Van Uytvanck: “Stalked day and night” by Peng

Chinese veteran Shuai Peng offered up her defence, in the wake of the Tennis Integrity Unit’s announcement of a lengthy suspension and fine after an incident at last year’s Wimbledon.

But the other player involved, Belgian Alison Van Uytvanck, came out with a sharply contrasting version of events Sunday.


The TUI investigated and determined Peng offered an unnamed player she signed up to play doubles with a financial inducement to drop out of the tournament.

Ostensibly, she did this so that she could team up with another player.

It emerged that Van Uytvanck was the player approached and that Sania Mirza, with whom Peng played the remainder of the season, was her preferred option.

Not guity, Peng says

Peng, per this translation from the Chinese social media Weibo, wrote that she never coerced any player to pull out of the draw.

She blamed the situation on miscommunication between her former coach and Van Uytvanck’s (also now-former) coach.

The Chinese player said that at the time, she and Mirza “really wanted to play doubles together”. And so she and then-coach Bertrand Perret told Van Uytvanck they wanted to offer her the equivalent of first-round prize money. The idea was to compensate  for her accommodations and the schedule change.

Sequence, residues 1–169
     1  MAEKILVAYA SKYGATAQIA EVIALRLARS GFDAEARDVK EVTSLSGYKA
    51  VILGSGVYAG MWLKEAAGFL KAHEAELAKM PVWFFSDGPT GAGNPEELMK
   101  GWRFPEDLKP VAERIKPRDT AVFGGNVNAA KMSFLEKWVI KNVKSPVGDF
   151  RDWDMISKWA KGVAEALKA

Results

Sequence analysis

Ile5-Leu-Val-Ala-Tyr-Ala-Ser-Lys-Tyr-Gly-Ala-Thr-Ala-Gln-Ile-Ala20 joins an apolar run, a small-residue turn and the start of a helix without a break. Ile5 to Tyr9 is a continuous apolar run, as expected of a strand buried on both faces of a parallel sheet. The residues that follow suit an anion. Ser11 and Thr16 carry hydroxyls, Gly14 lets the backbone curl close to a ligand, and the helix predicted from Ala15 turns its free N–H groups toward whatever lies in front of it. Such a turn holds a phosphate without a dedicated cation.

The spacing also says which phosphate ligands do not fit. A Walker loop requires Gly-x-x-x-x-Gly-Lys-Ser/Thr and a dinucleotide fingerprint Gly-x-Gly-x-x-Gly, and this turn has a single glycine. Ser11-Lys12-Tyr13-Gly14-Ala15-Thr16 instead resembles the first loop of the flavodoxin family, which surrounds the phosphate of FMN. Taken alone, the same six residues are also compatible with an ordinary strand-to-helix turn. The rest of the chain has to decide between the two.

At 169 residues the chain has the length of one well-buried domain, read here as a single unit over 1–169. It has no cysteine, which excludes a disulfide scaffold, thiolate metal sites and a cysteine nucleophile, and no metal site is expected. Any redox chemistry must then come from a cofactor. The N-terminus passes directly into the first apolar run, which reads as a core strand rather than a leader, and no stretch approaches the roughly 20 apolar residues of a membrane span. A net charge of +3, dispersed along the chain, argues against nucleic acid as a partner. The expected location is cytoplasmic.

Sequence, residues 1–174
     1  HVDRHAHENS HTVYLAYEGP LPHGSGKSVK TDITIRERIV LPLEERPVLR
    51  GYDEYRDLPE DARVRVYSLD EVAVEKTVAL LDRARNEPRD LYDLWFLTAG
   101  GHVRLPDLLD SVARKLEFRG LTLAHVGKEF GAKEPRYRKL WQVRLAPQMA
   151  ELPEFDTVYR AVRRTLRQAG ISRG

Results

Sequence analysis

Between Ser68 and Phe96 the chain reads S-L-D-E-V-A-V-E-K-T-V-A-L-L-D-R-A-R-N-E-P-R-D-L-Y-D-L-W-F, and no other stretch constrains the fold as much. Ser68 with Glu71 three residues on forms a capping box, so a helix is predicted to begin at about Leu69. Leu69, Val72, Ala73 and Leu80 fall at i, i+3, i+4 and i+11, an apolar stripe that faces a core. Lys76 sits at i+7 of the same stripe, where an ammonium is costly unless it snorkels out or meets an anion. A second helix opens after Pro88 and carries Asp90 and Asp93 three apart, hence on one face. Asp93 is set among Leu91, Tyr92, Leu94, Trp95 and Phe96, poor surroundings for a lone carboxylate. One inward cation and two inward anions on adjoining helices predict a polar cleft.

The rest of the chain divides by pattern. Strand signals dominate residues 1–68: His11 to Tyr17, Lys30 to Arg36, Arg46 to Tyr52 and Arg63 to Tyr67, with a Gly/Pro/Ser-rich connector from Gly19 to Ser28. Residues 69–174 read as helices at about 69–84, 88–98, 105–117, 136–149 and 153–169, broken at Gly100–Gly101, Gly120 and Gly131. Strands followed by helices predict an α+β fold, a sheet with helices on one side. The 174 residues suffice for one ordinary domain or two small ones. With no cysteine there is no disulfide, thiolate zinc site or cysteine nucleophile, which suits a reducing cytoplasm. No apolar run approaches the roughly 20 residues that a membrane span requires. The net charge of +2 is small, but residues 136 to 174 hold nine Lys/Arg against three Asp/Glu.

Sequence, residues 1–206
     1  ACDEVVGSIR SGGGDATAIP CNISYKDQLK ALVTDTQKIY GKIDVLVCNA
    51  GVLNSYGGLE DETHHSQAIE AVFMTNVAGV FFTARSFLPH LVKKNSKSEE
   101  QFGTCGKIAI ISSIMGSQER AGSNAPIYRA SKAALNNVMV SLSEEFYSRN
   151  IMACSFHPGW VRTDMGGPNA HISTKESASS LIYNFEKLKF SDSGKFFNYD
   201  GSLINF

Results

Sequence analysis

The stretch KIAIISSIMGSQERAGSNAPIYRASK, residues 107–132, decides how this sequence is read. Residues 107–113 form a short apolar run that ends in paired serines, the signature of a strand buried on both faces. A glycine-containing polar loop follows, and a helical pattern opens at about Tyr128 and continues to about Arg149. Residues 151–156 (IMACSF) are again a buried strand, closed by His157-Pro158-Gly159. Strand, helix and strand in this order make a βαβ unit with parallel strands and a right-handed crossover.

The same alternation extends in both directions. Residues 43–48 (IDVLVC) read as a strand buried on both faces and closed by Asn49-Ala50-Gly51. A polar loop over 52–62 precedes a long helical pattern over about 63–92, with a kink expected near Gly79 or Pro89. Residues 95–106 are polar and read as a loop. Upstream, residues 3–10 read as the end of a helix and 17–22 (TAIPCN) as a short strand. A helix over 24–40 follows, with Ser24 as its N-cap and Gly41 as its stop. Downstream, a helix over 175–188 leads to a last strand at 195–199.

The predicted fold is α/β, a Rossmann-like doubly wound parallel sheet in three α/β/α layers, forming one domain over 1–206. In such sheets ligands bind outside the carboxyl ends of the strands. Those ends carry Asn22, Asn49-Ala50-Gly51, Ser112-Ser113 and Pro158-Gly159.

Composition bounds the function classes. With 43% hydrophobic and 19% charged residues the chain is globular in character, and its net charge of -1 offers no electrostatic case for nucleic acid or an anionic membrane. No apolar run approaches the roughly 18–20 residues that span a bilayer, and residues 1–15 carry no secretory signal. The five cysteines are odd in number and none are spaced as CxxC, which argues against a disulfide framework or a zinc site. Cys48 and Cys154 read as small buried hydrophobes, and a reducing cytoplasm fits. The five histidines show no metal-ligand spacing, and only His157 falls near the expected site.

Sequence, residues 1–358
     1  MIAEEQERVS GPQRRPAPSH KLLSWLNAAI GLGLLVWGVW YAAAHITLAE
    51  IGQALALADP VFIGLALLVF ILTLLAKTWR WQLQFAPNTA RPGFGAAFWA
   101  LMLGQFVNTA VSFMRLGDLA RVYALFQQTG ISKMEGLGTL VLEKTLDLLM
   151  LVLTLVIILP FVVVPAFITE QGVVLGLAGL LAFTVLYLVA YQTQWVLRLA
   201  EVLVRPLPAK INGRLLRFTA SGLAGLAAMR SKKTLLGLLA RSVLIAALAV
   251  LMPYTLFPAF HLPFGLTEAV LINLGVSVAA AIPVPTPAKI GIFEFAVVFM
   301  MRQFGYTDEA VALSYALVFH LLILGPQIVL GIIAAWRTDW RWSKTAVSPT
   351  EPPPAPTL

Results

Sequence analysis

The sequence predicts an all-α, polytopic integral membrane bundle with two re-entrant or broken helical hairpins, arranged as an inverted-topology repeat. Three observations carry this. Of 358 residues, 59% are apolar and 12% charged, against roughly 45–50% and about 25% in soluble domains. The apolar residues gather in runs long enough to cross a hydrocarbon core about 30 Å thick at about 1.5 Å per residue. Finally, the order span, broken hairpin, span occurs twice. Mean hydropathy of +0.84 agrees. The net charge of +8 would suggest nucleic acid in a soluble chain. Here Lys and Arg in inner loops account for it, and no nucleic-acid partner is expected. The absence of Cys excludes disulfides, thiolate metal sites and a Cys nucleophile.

In the end, Peng essentially said she didn’t know the rules (this, after 15 years on Tour, many of those at the top of the doubles rankings). And when she found that she and Mirza wouldn’t be able to team up together regardless, she confirmed with Van Uytvanck that they would play.

But then, the Belgian withdrew due to injury.

So her contention is that withdrawing from the doubles was Van Uytvanck’s decision, and that she and former coach Perret never gave her money to induce her to do it.

Van Uytvanck responds

Van Uytvanck’s version differs significantly. And on Sunday, she laid it out on Twitter.

What’s next

It’s entirely possible that the truth lies somewhere between these two extremes.

Van Uytvanck did end up qualifying for the singles, so it wasn’t as though she hadn’t already made plans to stay at least through the first part of the first week of the main draw. She lost to Ekaterina Makarova in the first round.

Peng added in her message that she would get legal advice before deciding whether or not to file an appeal.

She had half the six-month ban suspended, pending no further transgressions, and is eligible to return Nov. 8.

As for Van Uytvanck, she lost in the second round of the Rogers Cup this week to No. 15 seed Ashleigh Barty.

The No. 5 seed in the Cincinnati qualifying won the first set easily Saturday against American Jamie Loeb. But after a two-hour rain delay midway through the second set, retired down 0-3 in the third.

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